The House gave guidance how it would treat an invitation to depart from a previous decision of the House. Such a course was possible, but the direction was not an ‘open sesame’ for a differently constituted committee to prefer their views to those . .
Cited – Regina (on the application of Abassi and Another) v Secretary of State for Foreign and Commonwealth Affairs and Another CA 6-Nov-2002
A British national had been captured in Afghanistan, and was being held without remedy by US forces. His family sought an order requiring the respondent to take greater steps to secure his release or provide other assistance.
Held: Such an . .
Cited – Regina v Secretary of State for the Home Department ex parte Bugdaycay HL 19-Feb-1986
Three applicants had lied on entry to secure admission, stayed for a considerable time, and had been treated as illegal immigrants under section 33(1). The fourth’s claim that upon being returned he would been killed, had been rejected without . .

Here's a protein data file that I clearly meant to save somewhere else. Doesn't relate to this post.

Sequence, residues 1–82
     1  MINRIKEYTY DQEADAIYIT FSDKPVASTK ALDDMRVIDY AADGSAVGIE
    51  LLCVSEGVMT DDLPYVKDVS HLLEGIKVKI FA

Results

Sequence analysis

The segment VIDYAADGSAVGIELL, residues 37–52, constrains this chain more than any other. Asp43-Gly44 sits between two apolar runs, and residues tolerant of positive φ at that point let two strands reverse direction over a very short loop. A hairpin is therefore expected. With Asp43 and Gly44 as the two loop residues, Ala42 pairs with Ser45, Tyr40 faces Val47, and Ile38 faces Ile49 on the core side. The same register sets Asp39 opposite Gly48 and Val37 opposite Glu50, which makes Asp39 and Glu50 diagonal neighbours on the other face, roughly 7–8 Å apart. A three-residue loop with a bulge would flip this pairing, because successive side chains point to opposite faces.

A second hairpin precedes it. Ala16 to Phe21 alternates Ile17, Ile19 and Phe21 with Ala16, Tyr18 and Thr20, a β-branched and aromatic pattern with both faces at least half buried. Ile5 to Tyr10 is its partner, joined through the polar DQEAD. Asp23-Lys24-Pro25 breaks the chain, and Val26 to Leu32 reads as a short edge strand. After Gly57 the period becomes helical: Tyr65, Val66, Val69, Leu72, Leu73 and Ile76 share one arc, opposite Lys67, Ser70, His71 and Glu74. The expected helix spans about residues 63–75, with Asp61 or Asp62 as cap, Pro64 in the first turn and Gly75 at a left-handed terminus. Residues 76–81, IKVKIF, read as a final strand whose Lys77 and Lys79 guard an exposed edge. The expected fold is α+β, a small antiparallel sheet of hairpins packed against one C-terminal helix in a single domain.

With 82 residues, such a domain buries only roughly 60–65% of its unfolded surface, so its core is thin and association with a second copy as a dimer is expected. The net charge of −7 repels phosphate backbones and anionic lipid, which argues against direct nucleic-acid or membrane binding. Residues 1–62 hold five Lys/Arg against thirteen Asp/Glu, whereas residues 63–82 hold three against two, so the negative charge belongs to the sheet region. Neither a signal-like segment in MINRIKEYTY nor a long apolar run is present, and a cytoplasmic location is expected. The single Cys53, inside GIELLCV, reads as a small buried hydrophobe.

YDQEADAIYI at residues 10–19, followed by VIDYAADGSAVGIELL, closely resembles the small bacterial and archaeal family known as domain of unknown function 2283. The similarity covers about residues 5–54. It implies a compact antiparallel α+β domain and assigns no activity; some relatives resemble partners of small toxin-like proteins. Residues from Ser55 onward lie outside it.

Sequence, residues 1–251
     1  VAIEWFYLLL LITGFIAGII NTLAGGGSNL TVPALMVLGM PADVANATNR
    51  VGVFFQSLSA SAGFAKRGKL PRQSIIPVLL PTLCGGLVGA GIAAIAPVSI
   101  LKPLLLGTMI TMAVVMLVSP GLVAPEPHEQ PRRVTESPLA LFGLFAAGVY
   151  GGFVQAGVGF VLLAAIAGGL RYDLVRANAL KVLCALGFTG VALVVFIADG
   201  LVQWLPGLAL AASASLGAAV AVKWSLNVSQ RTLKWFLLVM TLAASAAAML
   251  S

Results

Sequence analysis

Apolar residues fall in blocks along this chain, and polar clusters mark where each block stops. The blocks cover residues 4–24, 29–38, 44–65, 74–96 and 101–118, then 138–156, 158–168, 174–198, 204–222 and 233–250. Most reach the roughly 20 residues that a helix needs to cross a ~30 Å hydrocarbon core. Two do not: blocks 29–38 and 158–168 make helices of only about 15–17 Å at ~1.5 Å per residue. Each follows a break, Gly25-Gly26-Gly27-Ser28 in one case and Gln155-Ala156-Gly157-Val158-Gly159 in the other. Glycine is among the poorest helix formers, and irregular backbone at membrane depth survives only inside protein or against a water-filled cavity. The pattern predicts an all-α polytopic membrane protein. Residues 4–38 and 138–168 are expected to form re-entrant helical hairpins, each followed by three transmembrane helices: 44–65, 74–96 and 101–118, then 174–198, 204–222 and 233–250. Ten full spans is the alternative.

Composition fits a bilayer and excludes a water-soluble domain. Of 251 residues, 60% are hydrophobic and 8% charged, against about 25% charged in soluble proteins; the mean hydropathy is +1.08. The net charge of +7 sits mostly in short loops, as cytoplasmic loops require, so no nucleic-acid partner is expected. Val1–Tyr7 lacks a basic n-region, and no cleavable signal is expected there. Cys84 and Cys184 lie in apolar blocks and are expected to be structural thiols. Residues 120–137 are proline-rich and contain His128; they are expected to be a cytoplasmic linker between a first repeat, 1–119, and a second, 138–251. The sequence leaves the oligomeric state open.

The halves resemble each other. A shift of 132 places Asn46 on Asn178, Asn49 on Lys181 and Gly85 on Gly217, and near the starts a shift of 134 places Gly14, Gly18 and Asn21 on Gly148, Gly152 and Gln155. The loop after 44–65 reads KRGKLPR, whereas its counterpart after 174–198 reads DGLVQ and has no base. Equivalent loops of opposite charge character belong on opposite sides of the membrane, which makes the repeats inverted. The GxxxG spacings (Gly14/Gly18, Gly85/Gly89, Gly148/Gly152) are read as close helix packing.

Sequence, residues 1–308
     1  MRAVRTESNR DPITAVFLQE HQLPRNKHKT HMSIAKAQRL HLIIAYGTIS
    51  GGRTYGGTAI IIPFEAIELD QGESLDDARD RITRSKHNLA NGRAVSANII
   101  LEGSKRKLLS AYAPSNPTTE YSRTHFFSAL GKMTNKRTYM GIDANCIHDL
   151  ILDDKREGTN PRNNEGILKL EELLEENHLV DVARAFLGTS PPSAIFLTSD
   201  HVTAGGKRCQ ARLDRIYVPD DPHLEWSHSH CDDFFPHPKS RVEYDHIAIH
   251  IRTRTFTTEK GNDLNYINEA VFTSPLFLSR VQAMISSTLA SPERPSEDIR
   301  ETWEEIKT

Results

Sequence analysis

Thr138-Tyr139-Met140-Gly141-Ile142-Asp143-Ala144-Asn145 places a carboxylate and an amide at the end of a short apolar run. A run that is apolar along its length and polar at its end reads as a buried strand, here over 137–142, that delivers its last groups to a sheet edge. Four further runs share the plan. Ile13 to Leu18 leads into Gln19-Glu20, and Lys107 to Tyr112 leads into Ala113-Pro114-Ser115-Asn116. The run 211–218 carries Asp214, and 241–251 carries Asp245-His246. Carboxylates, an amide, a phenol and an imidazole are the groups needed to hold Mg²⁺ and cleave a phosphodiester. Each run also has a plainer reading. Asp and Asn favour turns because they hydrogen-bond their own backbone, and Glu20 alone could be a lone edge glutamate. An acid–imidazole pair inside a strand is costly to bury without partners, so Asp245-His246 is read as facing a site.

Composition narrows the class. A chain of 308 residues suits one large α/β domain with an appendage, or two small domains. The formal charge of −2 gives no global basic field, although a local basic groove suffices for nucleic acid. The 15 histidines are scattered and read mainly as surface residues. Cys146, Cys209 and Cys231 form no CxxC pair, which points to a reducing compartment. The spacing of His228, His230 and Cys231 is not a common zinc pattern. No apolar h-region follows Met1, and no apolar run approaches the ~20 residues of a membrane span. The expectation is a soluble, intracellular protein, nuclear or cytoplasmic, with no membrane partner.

Cited – Regina v Secretary of State for Home Department ex parte Dolapo Omolara Martins Admn 29-Nov-1996
The Applicant sought judicial review of the Secretary of State’s decision declaring her to be an illegal entrant. She challenged a finding that at the time of entry she had intended to marry.
Held: It was established that she had not told th . .
Cited – Regina v Secretary of State for Home Department ex parte Cengiz Doldur Admn 26-Jun-1997
The applicant sought judicial review of the immigration officer’s finding that he was an illegal immigrant within the section. He had failed to declare that after obtaining temporary permission to enter, he had got married. It was not suggested that . .
Cited – Szoma v Secretary of State for the Department of Work and Pensions HL 28-Jul-2005
The applicant had claimed asylum on entry and was temporarily admitted. Though his claim for asylum was later refused, those admitted in this way were granted indefinite leave to remain. He had claimed and received benefits at first, but then these . .